This October, the American Physical Therapy Association will carry on raising awareness of physical therapy as a safe and effective alternative to opioids for treatment of chronic pain conditions through their #ChoosePT campaign.
Why Physical Therapy for Pain Management?
- Americans continue to be prescribed and to misuse opioids at alarming rates.
- Doctor-prescribed opioids are appropriate in some cases, but they just mask the pain and come with significant risks including depression, overdose, addiction, and withdrawal symptoms. That is why the CDC recommends safer alternatives like physical therapy to manage pain.
- No one wants to live in pain. But no one should put their health at risk in an effort to be pain free.
- Physical therapy is effective for numerous conditions, and the CDC supports exercise as part of physical therapist treatment for common conditions like low back pain, hip and knee osteoarthritis, and fibromyalgia. On the other hand, opioid effectiveness for long-term pain management is inconclusive in many cases.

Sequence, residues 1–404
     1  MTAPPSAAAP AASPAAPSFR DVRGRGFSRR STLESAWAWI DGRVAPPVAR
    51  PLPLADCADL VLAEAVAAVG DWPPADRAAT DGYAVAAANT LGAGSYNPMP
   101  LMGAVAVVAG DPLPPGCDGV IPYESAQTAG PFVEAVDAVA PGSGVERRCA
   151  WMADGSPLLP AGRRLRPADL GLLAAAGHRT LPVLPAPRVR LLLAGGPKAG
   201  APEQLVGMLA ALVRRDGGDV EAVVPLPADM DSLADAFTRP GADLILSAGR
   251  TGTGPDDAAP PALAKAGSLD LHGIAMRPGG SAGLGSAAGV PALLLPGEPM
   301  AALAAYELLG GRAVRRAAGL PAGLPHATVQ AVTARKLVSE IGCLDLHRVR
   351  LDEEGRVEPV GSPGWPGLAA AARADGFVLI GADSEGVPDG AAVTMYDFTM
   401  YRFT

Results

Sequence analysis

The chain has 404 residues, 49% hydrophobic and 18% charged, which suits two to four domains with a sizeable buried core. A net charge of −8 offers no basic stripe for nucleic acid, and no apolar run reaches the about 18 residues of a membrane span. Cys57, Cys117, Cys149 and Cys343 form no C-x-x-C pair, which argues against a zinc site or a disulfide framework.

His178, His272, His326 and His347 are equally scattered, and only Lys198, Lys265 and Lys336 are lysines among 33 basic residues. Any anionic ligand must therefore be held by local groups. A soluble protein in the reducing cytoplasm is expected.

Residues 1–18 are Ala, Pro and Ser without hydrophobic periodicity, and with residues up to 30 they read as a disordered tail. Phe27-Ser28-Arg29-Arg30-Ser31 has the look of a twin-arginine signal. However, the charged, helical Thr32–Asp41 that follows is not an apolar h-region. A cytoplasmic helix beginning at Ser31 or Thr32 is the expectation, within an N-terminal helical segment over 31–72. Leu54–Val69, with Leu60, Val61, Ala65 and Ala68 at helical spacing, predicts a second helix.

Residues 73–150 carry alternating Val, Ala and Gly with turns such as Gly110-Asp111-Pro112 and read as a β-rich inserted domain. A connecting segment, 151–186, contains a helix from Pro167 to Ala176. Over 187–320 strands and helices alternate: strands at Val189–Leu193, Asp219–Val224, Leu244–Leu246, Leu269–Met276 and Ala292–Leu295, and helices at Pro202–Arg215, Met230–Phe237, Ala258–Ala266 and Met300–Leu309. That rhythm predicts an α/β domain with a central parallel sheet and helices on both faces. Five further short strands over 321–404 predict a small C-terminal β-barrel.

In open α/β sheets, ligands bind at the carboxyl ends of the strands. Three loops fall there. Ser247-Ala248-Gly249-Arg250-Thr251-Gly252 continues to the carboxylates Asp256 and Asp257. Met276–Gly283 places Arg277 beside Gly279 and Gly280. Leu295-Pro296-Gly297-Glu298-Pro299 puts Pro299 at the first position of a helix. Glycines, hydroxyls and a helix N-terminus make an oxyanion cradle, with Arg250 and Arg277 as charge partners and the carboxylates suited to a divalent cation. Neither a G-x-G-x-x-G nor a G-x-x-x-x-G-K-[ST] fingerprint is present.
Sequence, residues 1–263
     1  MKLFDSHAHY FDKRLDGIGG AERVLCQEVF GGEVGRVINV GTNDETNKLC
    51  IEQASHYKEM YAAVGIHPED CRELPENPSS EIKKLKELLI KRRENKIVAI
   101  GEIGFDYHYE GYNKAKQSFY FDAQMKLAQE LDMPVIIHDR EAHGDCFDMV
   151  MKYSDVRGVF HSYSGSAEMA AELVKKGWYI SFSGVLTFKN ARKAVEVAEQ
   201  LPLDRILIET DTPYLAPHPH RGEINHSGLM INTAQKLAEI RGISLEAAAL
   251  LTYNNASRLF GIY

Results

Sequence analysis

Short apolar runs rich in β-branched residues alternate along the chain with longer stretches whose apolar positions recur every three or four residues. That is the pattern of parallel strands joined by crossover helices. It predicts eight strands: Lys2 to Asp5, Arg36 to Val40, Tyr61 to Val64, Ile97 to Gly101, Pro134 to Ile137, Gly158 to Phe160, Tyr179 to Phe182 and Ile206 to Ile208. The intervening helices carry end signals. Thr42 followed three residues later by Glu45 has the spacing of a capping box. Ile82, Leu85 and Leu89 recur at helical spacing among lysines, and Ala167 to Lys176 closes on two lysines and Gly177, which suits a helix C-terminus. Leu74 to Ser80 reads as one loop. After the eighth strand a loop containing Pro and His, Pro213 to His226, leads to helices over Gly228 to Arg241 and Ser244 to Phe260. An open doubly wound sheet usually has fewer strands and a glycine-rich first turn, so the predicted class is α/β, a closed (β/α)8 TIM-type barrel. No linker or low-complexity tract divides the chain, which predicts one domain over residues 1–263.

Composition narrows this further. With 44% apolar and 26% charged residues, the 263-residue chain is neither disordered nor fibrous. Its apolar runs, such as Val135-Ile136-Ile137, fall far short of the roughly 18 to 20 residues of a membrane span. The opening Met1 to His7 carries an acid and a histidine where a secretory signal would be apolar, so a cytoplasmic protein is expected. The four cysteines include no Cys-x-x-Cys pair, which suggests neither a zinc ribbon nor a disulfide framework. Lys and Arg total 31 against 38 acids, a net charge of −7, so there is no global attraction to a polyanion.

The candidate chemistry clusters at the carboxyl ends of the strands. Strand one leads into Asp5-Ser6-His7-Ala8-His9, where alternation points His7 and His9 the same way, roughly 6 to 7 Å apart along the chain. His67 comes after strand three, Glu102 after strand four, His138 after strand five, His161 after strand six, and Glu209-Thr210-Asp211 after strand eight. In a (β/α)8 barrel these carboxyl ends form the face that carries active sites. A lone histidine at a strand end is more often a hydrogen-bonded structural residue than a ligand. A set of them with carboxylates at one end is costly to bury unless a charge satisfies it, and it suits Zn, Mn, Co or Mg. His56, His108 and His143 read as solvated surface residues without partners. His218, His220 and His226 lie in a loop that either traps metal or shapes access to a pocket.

- The benefits of physical therapy include improved mobility, increased independence, decreased pain, and prevention of other health problems through movement and exercise.
- Physical therapists treat pain through movement, hands-on care, and patient education¹—and by increasing physical activity you can also reduce your risk of other chronic diseases.
Other Reasons to Choose PT:
- Alternative to surgery: Physical therapy has been found to be as effective as surgery for conditions including meniscal tears and knee osteoarthritis², and rotator cuff tears³.
- Individualized treatment: Physical therapist treatment plans are tailored to each person’s needs and goals, taking preexisting conditions into account.
- Identification of potential risks: Physical therapists can identify additional health issues, beyond what the patient initially came to physical therapy for.
1. Rundell SD, Davenport TE. Patient education based on principles of cognitive behavioral therapy for a patient with persistent low back pain: a case report. J Orthop Sports Phys Ther. 2010:40:494–501.
2. Katz JN, Brophy RH, Chaisson CE, et al. Surgery versus physical therapy for a meniscal tear and osteoarthritis [erratum in: N Engl J Med. 2013;369:683]. N Engl J Med. 2013;368:1675-1684.
3. Longo UG, Franceschi F, Berton A, et al. Conservative treatment and rotator cuff tear progression. Med Sport Sci. 2012;57:90–99.
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